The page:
Monday, May 13, 2013

The jagged edges of the Keeling Curve

This time it made the headlines.  Something as vague and intangible as an invisible, odorless gas is encapsulated in a concrete number.  400 parts per million, a level of carbon dioxide not seen for the past three to five million years.

The number is in fact not intangible.  It is very real, real because sea levels are rising millimeter by millimeter, submerging island nations such as the Maldives and heavily populated coastlines.  The number is real because the summer of 2012 was the hottest summer on record in the United States.  The number is real because of the acidification of oceans and coral bleaching; because of drier forests fueling larger fires; because of the ever-shrinking amount of polar ice; because entire villages in Alaska are needing to be moved because of thawing land, to the tune of $380,000 per person.  

In spite of all of this very real evidence of the effects of climate change, nothing new is being said that can wash away the line that have been drawn in the sand that divides the "believers" from the "skeptics".  (If you don't "believe" in climate science, perhaps you might question your beliefs in most any science that you rely on in your daily life.)  Perhaps it is time for a new story about climate change, a new story that connects old facts.  Perhaps our sole focus on the emission of greenhouse gases as a technological deficiency is distracting us from the real issues; framing climate change as a “carbon” problem is “possibly the greatest and most dangerous reductionism of all time: a 150 year history of complex geologic, political, economic, and military security issues all reduced to one element.” [1]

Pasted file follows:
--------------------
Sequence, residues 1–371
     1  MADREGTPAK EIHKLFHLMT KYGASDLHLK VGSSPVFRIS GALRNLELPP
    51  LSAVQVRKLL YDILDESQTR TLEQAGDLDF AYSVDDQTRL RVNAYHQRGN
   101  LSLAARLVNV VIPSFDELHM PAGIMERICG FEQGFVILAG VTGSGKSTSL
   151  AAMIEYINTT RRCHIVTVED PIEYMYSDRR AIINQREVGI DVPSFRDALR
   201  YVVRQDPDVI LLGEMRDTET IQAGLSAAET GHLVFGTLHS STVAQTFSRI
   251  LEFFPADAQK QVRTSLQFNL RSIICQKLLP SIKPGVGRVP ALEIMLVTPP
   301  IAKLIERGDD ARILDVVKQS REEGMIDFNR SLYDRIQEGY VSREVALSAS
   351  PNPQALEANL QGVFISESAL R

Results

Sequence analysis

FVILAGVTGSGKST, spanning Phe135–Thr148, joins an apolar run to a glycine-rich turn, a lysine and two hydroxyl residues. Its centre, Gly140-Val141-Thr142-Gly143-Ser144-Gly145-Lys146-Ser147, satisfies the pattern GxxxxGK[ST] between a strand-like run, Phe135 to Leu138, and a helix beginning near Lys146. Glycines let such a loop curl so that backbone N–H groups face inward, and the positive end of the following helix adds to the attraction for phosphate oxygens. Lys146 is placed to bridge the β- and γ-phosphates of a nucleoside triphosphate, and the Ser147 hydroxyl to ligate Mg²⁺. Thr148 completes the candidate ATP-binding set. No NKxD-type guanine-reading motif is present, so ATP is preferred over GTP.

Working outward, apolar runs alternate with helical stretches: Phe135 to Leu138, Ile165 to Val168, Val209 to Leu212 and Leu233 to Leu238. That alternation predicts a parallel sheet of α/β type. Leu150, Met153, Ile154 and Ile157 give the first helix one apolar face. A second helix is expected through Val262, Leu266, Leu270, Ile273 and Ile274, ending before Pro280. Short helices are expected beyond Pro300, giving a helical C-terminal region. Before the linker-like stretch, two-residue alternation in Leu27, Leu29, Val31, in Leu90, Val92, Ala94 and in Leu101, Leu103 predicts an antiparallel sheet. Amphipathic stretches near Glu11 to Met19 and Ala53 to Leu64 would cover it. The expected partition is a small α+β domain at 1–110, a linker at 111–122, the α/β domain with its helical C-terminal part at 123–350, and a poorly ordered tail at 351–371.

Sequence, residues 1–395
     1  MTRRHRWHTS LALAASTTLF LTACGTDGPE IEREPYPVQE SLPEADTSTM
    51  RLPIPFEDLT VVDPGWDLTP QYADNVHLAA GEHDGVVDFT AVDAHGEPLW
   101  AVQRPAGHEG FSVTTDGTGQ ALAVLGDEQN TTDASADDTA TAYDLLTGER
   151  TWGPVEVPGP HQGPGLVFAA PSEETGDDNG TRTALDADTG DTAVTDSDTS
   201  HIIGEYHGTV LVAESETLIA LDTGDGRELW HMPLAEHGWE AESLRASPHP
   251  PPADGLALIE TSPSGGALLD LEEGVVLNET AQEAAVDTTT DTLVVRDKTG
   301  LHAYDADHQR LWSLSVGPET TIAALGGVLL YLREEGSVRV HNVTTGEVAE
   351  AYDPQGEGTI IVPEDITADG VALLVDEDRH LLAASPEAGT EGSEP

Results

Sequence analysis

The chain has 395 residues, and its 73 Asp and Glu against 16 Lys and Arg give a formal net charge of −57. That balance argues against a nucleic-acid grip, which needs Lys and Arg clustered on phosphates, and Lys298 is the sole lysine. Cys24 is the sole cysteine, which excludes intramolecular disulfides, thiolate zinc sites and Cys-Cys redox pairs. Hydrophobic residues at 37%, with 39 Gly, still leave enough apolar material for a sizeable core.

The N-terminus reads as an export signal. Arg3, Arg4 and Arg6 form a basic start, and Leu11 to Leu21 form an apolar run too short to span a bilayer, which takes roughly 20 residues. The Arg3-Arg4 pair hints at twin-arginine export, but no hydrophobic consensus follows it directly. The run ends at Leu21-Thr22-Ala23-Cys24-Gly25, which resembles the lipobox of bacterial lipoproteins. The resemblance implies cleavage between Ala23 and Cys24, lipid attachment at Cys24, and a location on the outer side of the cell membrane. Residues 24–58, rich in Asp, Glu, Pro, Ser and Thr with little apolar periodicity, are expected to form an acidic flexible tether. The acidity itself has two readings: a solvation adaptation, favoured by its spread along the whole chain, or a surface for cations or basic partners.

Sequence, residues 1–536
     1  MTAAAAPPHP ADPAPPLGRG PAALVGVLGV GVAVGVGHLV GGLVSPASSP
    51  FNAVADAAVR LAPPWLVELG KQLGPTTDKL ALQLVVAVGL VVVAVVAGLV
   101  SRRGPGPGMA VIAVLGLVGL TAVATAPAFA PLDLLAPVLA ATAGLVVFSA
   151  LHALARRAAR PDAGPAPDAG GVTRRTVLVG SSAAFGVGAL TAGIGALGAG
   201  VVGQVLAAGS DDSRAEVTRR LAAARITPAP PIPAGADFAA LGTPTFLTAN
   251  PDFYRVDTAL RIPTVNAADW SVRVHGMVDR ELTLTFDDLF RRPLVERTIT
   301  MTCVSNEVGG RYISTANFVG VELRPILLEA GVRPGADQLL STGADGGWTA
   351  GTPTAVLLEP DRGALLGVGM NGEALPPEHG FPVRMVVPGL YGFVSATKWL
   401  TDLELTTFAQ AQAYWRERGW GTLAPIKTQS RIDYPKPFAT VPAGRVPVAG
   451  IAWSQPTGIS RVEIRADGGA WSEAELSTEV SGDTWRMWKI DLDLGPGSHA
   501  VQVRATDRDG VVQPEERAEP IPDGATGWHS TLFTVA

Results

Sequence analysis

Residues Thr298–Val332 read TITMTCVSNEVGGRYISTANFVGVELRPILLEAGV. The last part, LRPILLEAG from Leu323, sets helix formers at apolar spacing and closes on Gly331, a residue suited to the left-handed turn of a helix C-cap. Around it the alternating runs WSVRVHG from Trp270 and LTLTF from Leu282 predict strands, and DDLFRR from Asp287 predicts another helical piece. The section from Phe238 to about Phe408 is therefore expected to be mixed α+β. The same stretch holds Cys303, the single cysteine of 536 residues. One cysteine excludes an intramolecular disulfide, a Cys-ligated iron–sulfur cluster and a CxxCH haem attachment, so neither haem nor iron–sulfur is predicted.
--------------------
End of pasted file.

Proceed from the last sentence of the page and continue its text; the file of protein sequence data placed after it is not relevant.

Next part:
As a postdoctoral researcher, I wonder if Charles Keeling thought about the symbolism of his scientific endeavors in the thin air of Mauna Loa Observatory in Hawai'i.  The jagged edges of the Keeling Curve are symbolic of the sharp divides and fractures in our politics, and under our feet in the fracked Marcellus Shale.  The jagged edges show how cruelly we continue to cut and lacerate this earth, just as is being done in the forests of Canada to access tar sands.  The curve is symbolic because not only does it show that carbon dioxide levels are rising, but that also our hubris is, too--the hubris of thinking that we may be able to engineer ourselves out of this problem.
From The Scripps Institution of Oceanography
[1] Thomas Princen, “Leave It in the Ground: The Politics and Ethics of Fossil Fuels and Global Disruption” prepared for the International Studies Association International Conference, MontrĂ©al, March 16-19, 2011; to appear in State of the World 2013.